Your Letters - Friday September 22, 2017

Get some Dirty, Rotten colour in your life!

Letter of the Week: Judith Greenwood, Dewsbury

Want to store up some colour, fun and laughter ahead of the winter? 

Then go down to Batley Town Hall to see Carlinghow Theatre’s fabulous production of ‘Dirty Rotten Scoundrels’ this Friday or Saturday. 

I guarantee you will be brilliantly entertained. 

Catchy  tunes with witty lyrics are matched by sparkling dialogue.

And when you add in glamorous costumes and sets which are elegant and beautifully lit, who could resist such a wonderful night out?

The company’s hallmark is its range of fabulous acting, singing and dancing talent, which would grace any stage.

Give yourself a treat and don’t miss it! 

Care plans are just not cricket

From: Christine Hyde, Dewsbury

At the North Kirklees CCG ‘engagement’ last Wednesday, GPs wanted people to talk about a single GP surgery for each care home, whether resident patients had known those GPs before or not. 

Not sure about that! 

They also wanted to give care home residents more routine check-ups and provide training and ‘apps’ for staff so that they could pick up problems before they needed hospital admission. 

Nothing to object to there, then. Except that care homes are now the playthings of the financial markets and run for profit, which is hidden by calling it ‘costs’ and using complicated company structures, and it ends up in tax havens. 

So why should public money subsidise care homes any more than it has to by renting a room and caring for a vulnerable person? 

Do taxpayers fund checkout trainees or pay for extra tills? 

Also, the extra money to pay for this improved care home service would have to come from reductions in service for other people not in care homes.

This is pitting one set of people against another set and marks a wider trend we are seeing in the health service, now that it is ‘arms length’ from government, like Dewsbury Hospital v Wakefield, Huddersfield v Halifax.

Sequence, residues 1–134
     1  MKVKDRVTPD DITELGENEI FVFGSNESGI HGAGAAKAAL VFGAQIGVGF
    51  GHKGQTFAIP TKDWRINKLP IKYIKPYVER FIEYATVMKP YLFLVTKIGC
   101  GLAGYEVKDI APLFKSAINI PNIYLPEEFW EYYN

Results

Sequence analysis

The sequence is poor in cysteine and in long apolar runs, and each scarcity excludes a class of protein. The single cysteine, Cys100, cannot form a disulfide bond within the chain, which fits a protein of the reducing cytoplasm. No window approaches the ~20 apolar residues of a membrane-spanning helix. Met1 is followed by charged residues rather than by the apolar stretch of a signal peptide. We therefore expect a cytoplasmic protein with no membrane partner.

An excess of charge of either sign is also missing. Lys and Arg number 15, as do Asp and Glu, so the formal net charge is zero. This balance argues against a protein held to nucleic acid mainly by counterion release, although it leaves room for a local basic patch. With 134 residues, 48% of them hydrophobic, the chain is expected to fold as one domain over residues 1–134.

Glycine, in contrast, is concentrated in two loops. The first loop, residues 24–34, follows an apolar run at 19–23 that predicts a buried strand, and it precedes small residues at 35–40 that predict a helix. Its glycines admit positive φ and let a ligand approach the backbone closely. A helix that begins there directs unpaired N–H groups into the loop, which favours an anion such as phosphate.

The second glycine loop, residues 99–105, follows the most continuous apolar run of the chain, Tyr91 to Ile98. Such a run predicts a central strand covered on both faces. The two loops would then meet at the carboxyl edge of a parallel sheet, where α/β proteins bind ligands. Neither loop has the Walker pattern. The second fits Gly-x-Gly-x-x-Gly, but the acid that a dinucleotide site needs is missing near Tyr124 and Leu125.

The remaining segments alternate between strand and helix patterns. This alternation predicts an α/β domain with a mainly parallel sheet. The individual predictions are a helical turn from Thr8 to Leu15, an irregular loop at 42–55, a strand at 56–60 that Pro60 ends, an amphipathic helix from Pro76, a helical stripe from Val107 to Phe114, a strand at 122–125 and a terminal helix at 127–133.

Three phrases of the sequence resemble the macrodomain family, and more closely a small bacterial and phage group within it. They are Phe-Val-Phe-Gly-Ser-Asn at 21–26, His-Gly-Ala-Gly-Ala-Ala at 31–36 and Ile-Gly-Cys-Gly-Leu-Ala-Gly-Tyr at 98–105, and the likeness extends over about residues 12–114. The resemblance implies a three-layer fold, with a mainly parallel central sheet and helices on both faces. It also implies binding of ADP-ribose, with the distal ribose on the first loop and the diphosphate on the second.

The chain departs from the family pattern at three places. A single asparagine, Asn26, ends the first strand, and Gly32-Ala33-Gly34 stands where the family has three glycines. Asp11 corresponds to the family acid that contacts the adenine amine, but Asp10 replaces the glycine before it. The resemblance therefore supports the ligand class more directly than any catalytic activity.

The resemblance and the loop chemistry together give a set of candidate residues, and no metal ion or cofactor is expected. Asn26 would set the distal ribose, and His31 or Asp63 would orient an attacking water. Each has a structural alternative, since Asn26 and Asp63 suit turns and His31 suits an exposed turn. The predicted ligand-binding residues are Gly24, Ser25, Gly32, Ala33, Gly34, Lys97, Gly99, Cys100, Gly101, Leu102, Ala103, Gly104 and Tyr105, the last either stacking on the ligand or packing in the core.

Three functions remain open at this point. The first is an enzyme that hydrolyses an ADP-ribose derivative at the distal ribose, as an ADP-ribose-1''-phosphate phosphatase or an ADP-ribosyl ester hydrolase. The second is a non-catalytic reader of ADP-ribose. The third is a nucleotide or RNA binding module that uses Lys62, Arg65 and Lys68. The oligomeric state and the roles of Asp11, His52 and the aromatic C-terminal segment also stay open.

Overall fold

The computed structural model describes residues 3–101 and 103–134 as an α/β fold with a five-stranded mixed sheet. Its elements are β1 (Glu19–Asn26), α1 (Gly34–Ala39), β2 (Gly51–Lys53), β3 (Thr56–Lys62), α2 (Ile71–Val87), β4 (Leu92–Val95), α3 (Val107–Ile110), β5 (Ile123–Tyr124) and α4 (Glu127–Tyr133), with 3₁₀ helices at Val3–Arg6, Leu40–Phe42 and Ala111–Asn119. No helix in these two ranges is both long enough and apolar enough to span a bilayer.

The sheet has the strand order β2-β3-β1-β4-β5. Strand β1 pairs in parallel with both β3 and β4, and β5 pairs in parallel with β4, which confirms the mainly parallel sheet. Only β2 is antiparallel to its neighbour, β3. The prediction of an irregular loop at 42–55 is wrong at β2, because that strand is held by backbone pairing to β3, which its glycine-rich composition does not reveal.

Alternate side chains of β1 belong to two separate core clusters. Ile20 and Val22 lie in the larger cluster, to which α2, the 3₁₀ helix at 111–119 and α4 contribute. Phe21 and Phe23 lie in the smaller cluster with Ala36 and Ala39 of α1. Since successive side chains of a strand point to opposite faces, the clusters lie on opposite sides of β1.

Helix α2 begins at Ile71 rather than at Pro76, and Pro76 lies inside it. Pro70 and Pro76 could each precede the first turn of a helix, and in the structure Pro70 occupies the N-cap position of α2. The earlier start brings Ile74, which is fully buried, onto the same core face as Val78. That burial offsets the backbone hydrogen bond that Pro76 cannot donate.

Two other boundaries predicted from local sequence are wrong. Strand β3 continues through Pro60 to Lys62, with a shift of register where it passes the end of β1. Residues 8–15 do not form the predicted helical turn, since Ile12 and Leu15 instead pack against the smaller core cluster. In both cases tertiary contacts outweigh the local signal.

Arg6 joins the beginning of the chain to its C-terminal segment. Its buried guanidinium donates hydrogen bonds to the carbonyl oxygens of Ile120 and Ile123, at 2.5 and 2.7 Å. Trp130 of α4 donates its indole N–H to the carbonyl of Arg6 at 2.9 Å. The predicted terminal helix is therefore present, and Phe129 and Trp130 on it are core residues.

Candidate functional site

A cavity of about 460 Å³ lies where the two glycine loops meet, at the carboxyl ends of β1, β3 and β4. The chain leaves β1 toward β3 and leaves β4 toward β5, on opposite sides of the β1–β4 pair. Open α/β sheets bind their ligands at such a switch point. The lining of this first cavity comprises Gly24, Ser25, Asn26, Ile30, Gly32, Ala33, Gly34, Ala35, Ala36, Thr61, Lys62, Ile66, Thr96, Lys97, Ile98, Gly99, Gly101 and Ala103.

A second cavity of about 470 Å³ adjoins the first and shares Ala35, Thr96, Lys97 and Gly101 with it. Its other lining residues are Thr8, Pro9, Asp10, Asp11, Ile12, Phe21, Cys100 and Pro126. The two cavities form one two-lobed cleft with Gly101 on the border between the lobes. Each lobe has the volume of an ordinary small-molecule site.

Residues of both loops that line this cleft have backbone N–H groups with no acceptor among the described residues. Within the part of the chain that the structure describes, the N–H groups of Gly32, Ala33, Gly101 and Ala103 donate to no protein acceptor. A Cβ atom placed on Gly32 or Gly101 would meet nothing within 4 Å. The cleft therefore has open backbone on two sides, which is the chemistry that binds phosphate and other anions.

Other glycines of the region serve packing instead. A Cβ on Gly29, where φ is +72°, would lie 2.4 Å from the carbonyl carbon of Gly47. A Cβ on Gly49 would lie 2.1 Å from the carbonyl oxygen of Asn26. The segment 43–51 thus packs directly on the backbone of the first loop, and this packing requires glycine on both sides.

This is just not cricket!

New volunteers are needed

From: Alan Spencer, treasurer, Batley branch of the Royal British Legion

We are looking for volunteers over 18 years of age to help with the sale of poppies in the Birstall and Batley areas at various sites around the district.

Any help over any times for the period covering October up to Remembrance Sunday would be welcome.

There is also a need to deliver out boxes of Poppies to establishments around the area. Any help would be appreciated.

Also, the local committee has lost several members over the last year and is looking for people of any age joining in, and new blood is wanted. 

We need people with new ideas to help with and/or arrange fund raising events and social events. 

We are open to any ideas. Contact any of the following for information. You do not have to have served in the forces to join us.

1 Mary Day 07548 587645;

2 Colin Whitworth 01924 524827;

3 Peter Brierley 01924 440832;

4 Alan Spence 07891 789109.

Confused over MPs’ reasons

From: R Spreadbury, Liversedge

Dear Sir,

I note that our two local loyal Corbynite MPs have done as they were told and voted against the Britexit Repeal Bill.

I am still totally confused as to their reasons. 

Firstly: As far as I can make out Labour have concerns that Tory ministers could introduce laws which will curtail workers’ rights, force us to eat unhealthy food and breath polluted air.

Apparently all this vote-winning legislation could happen without some sort of safety net created by allowing the opposition parties, Labour, SNP and the rest, to have their say.

Surely if these laws were so unpalatable to the electorate, then Labour would win the next General Election with a landslide, and Corbyn will be free to repeal said laws.

Secondly: The old chestnut that unrestricted free movement has a positive benefit on British workers, and no way affects their wages, job or housing prospects and the EU’s economic policies benefits said workers?